How to test an interaction effect using clusterbased permutation tests?
You can use clusterbased permutation tests for some but not for all interaction effects. Specifically, you can only use them for testing interaction effects in factorial designs with only a single betweensubjects factor. In this text, I only consider twoway designs (of which only a single “way” corresponds to a betweensubjects factor), although generalisation to to multiway designs is possible.
A 2by2 factorial design
I first consider the situation of a 2by2 factorial design. The four cells in this design are denoted by (1,1), (1,2), (2,1) and (2,2) (the first number in every pair denotes the level of the first factor; the second number denotes the level of the second factor). At some point in my explanation, it will be important to distinguish between a full withinsubjects design and a mixed betweenwithin subjects design. Now, in a full withinsubjects design, every subject has participated in each of the four cells of the design; in a mixed betweenwithinsubjects design, there are two groups of subjects (e.g., old and young, patients and controls) and each of these subjects has participated in two conditions (the withinsubjects conditions). In the following, I assume that the first factor is the betweensubjects factor.
I assume you have the output of your timelocked or frequency analysis for each of the 4 conditions. This output should be produced by, respectively, ft_timelockgrandaverage, ft_freqgrandaverage or ft_sourcegrandaverage with the field keepindividual set to ‘yes’. We will denote these 4 data structures as follows: GA11, GA 12, GA21 and GA22.
From these 4 data structures, you now make 2 difference data structures in the following wa

Copy GA11 to GAdiff11_12 and perform the assignment GAdiff11_12.individual=GA11.individualGA12.individual.

Copy GA21 to GAdiff21_22 and perform the assignment GAdiff21_22.individual=GA21.individualGA22.individual.
The objective is now to statistically compare GAdiff11_12 and GAdiff21_22. Because we will be comparing two differences, we will be testing an interaction effect. Using a clusterbased permutation test, we have to choose the appropriate statfun, depending on whether this comparison involves a withinsubjects or a betweensubjects factor. In a full withinsubjects design, it involves a withinsubject factor, and in a mixed betweenwithinsubjects design, it involves a betweensubjects factor (remember that the first factor in the design is the betweensubjects factor). In the form of a recip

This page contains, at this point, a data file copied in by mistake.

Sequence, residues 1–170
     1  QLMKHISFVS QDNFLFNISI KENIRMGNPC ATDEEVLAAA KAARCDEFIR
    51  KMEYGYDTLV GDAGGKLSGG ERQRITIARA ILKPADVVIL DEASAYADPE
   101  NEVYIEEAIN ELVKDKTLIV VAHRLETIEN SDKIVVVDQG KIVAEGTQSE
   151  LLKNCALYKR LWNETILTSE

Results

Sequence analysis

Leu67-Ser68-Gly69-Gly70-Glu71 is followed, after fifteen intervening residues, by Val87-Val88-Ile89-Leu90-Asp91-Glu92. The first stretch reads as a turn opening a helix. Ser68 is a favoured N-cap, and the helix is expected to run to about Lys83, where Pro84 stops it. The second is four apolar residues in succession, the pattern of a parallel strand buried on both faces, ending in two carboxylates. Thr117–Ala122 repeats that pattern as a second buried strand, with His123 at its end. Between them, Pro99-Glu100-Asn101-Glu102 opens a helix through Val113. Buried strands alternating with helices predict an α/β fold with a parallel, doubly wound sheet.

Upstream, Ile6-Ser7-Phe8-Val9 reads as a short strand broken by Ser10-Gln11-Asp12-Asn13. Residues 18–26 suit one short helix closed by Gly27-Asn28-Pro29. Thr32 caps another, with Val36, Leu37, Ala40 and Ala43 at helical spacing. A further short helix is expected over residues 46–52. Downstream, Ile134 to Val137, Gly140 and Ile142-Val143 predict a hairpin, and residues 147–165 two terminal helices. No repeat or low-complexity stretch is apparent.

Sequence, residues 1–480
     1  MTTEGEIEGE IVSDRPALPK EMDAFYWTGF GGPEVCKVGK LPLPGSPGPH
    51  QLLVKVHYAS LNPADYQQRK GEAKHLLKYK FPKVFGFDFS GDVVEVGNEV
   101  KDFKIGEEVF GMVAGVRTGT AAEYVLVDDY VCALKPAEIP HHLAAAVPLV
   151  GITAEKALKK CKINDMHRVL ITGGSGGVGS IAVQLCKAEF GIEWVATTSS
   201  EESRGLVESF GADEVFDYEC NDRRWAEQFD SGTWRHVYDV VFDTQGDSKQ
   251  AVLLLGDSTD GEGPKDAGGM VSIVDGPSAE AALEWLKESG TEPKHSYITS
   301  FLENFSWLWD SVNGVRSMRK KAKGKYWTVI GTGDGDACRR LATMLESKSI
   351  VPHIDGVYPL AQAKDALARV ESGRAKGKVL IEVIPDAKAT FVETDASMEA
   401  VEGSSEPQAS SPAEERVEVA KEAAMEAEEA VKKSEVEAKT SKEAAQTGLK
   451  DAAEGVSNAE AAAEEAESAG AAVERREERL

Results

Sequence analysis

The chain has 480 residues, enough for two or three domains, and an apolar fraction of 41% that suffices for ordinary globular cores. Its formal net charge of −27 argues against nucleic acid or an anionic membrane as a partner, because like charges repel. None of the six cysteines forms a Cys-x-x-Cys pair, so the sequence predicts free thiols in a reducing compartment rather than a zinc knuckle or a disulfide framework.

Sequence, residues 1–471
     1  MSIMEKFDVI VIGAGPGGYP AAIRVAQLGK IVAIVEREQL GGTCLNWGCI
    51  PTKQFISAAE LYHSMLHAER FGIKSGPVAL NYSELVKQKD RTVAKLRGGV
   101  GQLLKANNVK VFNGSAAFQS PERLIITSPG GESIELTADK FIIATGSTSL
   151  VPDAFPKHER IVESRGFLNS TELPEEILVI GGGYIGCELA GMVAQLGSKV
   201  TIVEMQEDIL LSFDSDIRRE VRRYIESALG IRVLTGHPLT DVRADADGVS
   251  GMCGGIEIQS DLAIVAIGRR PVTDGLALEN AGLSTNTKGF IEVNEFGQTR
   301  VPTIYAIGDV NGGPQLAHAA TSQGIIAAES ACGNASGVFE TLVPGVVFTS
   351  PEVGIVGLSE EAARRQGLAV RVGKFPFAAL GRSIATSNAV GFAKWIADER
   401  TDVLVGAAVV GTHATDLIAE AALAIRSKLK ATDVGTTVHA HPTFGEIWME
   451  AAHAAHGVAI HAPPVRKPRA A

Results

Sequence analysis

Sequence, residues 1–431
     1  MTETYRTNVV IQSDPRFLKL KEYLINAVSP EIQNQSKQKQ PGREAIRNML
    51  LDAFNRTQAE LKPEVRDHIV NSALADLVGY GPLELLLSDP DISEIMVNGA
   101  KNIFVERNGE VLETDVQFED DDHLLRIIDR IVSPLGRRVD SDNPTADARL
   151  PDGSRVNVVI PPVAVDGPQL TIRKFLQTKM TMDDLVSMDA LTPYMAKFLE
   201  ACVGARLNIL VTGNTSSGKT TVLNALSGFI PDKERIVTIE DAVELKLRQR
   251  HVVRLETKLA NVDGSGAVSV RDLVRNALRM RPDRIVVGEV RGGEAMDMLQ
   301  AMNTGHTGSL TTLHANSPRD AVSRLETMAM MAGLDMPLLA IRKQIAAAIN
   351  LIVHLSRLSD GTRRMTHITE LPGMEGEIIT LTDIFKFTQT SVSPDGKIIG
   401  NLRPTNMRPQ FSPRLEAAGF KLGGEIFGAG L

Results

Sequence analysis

In a full withinsubjects design, compare GAdiff11_12 and GAdiff21_22 using the statfun depsamplesT.

In a mixed betweenwithinsubjects design, compare GAdiff11_12 and GAdiff21_22 using the statfun indepsamplesT.
Following this rationale, you can also construct statistical tests for interaction effects that involve factors with more than 2 levels. However, especially with neurobiological data, it is almost never wise to statistically test interaction effects in designs more complicated than the 2by2 factorial design. In these more complicated designs, you always end up with Ftests, and these do not inform you about the pattern in the data that is responsible for the interaction effect. Nevertheless, for those of you that cannot resist the temptation(;), I now describe the analysis steps for a general KbyL factorial design (with K and L being positive integer >=2).
The general KbyL factorial design
I assume you have the output of your timelocked or frequency analysis for each of the KL conditions. This output should be produced by, respectively, ft_timelockgrandaverage or ft_freqgrandaverage with the field keepindividual set to ‘yes’. We will denote these KL data structures as follows: GA11, GA12, … GA1L, GA21, GA22, … GAKL.
From these KL data structures, you now make K(L1) difference data structures in the following wa
For k=1,…,K and l=2,…,L
 Copy GAk1 to GAdiffk1_kl and perform the assignment GAdiffk1_kl.individual=GAk1.individualGAkl.individual.
The objective is now to statistically compare the K difference arrays GAdiffk1_kl. Because we will be comparing differences, we will be testing an interaction effect. Using a clusterbased permutation test, we have to choose the appropriate statfun, depending on whether this comparison involves a withinsubjects or a betweensubjects factor. In a full withinsubjects design, it involves a withinsubject factor, and in a mixed betweenwithinsubjects design, it involves a betweensubjects factor (remember that the first factor in the design is the betweensubjects factor).
In the form of a recip
 In a full withinsubjects design with K=2, compare the array [GAdiff11_12, GAdiff11_13, … , GAdiff11_1L] with the array [GAdiff21_22, GAdiff21_23, … , GAdiff21_2L] using the statfun depsamplesHotTsqr (which does not exist yet, but can be implemented in a straightforward way).
 In a mixed betweenwithinsubjects design with K=2, compare the array [GAdiff11_12, GAdiff11_13, … , GAdiff11_1L] with the array [GAdiff21_22, GAdiff21_23, … , GAdiff21_2L] using the statfun indepsamplesHotTsqr (which does not exist yet, but can be implemented in a straightforward way).
 In a mixed betweenwithinsubjects design with K>2, compare the K arrays [GAdiffk1_k2, GAdiffk1_k3, … , GAdiffk1_kL] (k=1, …, K) using the statfun indepsamplesWilksLambda (which does not exist yet, but can be implemented in a straightforward way).